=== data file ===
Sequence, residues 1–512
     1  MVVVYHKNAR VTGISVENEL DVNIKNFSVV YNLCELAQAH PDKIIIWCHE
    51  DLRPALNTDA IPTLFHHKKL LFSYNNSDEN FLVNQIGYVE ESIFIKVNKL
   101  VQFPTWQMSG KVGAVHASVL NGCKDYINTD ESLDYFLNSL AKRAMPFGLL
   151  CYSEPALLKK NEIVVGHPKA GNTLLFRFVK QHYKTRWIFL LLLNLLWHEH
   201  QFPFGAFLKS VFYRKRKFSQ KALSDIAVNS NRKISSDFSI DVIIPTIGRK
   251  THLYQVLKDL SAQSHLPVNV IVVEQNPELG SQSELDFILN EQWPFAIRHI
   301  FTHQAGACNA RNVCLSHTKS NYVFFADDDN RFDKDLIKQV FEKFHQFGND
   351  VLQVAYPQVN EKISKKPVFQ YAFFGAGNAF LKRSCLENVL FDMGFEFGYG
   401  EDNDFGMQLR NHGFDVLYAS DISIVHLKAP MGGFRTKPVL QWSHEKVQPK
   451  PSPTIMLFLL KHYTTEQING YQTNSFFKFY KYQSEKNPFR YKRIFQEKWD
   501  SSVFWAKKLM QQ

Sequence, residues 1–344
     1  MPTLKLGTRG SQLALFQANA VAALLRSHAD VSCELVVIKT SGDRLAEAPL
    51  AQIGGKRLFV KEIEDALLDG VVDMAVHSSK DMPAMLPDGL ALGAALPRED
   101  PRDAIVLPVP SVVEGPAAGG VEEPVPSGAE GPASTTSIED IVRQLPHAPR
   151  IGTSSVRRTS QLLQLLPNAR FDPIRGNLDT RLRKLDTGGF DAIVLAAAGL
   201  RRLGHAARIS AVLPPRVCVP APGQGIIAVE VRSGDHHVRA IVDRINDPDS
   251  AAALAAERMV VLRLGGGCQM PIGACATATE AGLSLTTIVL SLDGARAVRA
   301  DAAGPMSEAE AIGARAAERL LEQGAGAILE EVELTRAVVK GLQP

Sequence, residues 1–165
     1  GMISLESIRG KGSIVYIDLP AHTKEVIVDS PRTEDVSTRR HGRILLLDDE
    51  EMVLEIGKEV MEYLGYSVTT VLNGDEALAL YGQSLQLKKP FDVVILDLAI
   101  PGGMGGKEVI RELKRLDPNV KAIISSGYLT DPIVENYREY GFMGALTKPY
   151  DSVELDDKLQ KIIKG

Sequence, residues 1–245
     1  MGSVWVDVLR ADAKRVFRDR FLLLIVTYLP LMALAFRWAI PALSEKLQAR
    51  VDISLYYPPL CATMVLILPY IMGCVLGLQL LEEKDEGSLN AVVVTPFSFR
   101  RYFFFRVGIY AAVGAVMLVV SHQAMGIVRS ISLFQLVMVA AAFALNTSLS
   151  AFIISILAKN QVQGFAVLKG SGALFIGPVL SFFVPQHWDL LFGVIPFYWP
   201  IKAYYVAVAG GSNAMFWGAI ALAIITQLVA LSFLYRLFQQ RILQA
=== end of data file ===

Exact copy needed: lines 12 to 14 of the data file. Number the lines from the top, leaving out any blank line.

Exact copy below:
   501  SSVFWAKKLM QQ

Sequence, residues 1–344
     1  MPTLKLGTRG SQLALFQANA VAALLRSHAD VSCELVVIKT SGDRLAEAPL